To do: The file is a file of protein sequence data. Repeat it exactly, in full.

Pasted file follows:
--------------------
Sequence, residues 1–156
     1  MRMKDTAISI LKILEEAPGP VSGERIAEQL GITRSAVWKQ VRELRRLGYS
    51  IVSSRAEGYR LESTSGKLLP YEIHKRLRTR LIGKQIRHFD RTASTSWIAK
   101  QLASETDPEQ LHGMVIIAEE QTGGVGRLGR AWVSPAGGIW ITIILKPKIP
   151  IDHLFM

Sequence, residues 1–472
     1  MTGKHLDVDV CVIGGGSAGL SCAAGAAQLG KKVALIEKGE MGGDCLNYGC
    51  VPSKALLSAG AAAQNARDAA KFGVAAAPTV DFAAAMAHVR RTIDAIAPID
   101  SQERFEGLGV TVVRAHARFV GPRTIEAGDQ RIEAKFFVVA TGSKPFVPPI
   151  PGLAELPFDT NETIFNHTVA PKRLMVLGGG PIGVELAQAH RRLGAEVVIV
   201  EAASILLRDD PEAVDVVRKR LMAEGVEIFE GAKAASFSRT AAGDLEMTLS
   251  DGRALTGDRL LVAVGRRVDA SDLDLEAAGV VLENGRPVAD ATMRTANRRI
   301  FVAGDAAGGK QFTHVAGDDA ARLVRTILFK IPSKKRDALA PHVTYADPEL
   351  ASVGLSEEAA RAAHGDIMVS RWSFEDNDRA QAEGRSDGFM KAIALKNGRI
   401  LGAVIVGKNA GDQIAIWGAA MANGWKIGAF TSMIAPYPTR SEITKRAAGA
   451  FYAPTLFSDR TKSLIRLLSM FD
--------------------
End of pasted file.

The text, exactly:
Sequence, residues 1–156
     1  MRMKDTAISI LKILEEAPGP VSGERIAEQL GITRSAVWKQ VRELRRLGYS
    51  IVSSRAEGYR LESTSGKLLP YEIHKRLRTR LIGKQIRHFD RTASTSWIAK
   101  QLASETDPEQ LHGMVIIAEE QTGGVGRLGR AWVSPAGGIW ITIILKPKIP
   151  IDHLFM

Sequence, residues 1–472
     1  MTGKHLDVDV CVIGGGSAGL SCAAGAAQLG KKVALIEKGE MGGDCLNYGC
    51  VPSKALLSAG AAAQNARDAA KFGVAAAPTV DFAAAMAHVR RTIDAIAPID
   101  SQERFEGLGV TVVRAHARFV GPRTIEAGDQ RIEAKFFVVA TGSKPFVPPI
   151  PGLAELPFDT NETIFNHTVA PKRLMVLGGG PIGVELAQAH RRLGAEVVIV
   201  EAASILLRDD PEAVDVVRKR LMAEGVEIFE GAKAASFSRT AAGDLEMTLS
   251  DGRALTGDRL LVAVGRRVDA SDLDLEAAGV VLENGRPVAD ATMRTANRRI
   301  FVAGDAAGGK QFTHVAGDDA ARLVRTILFK IPSKKRDALA PHVTYADPEL
   351  ASVGLSEEAA RAAHGDIMVS RWSFEDNDRA QAEGRSDGFM KAIALKNGRI
   401  LGAVIVGKNA GDQIAIWGAA MANGWKIGAF TSMIAPYPTR SEITKRAAGA
   451  FYAPTLFSDR TKSLIRLLSM FD